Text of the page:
Rafed English

Fatwas on Terms of Contract

Q1459: Is de facto transaction binding as the one which is done through utterance of the formula?
A: Insofar as their binding powers are concerned, both de facto transaction and that done through utterance of the formula are the same.

Q1460: Members of a family agreed between themselves on the sale of, or reached a settlement about, some property and got the deal written and signed. However, they neither registered the sale with the competent authorities, nor was the particular formula uttered by a cleric. Is such transaction valid from both shar‘ī and legal aspects?
A: It is both valid and binding. That it is not registered with the authorities or that the formula was not uttered should not detract from its validity.

Q1461: Is it permissible to buy property without officially registering its deed with the lands department?
A: The materialization of buying and selling does not call for procuring an official document. The yardstick is the actual transfer of the property by the owner, his agent, or guardian, by way of a lawful and valid selling procedure, even without registering the deed.

Q1462: Is preparing an unofficial sale contract sufficient for the materialization of sale between the vendor and purchaser? And is the intention of both the parties to carry out the contract sufficient to make the deal a reality and, therefore, does it bind the vendor to prepare the official sale document and transfer the goods to the purchaser?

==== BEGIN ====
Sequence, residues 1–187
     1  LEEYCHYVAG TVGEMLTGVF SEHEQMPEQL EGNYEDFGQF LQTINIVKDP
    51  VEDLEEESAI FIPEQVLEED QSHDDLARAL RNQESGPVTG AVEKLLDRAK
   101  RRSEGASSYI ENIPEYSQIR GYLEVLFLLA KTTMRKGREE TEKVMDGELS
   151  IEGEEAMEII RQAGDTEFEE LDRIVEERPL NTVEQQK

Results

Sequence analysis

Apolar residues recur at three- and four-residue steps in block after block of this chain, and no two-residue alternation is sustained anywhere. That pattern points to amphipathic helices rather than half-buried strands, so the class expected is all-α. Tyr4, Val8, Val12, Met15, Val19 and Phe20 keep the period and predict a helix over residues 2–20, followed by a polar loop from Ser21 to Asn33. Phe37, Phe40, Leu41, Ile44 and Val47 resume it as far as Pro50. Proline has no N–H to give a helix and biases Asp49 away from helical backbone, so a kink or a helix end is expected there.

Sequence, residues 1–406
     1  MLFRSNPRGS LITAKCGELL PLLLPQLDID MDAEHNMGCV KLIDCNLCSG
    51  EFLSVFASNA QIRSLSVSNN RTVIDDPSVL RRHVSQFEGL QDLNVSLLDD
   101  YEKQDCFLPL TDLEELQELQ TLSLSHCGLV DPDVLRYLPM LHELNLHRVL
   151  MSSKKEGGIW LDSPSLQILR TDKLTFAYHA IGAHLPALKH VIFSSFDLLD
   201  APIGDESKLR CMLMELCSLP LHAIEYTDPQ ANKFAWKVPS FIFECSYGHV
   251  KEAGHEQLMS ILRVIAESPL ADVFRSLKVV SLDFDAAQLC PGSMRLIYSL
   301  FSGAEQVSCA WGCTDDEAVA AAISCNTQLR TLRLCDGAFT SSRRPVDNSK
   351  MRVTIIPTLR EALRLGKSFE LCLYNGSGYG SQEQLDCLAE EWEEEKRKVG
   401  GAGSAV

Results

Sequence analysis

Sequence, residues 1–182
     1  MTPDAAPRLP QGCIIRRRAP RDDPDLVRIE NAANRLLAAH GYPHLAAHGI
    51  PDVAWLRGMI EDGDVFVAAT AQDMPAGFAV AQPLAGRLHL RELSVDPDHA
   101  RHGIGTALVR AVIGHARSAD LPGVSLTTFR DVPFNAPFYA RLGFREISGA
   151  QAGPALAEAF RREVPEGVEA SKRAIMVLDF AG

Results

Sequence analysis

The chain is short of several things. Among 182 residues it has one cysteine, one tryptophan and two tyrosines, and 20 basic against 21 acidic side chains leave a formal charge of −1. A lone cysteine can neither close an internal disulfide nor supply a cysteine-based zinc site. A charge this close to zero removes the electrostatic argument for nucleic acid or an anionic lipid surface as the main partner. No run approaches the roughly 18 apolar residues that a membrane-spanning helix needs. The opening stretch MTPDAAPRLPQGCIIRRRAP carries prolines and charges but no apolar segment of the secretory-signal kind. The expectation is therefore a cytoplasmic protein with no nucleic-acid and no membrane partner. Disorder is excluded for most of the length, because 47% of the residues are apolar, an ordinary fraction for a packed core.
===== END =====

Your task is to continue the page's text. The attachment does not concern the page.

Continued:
A: Neither the mere intention to sell nor the preparation of an unofficial sale document is sufficient for the materialization of the sale and transfer of the ownership of goods to the purchaser. Unless the deal is struck according to shar‘ī norms, the vendor is not obliged to prepare sale document in the name of the purchaser and transfer the goods to him.

Q1463: Two parties reached an agreement concerning a sale whereby the purchaser paid a down payment to the vendor. About it they prepared a document and stipulated therein that in the event of not completing the deal, the defaulting party should pay a certain amount to the party who kept his part of the deal. Could this very document be considered a sale document? In other words, is the mere agreement between the two parties and their will to complete the deal sufficient for the materialization of the sale in such a way that each party is allowed to demand the other to observe the mentioned condition?
A: The mere intention to sell, agreement to conclude it or promising to do so, even by a provisional written agreement, does not amount to a proper sale and is not sufficient for the validity thereof. The condition is, therefore, not binding unless it is enshrined in the appropriate sale contract or the contract is based on it. Thus unless the sale and transfer of the goods are done in a lawful manner, neither party is under any obligation vis-à-vis the other as far as the arrangement and promise to finalize the deal are concerned.

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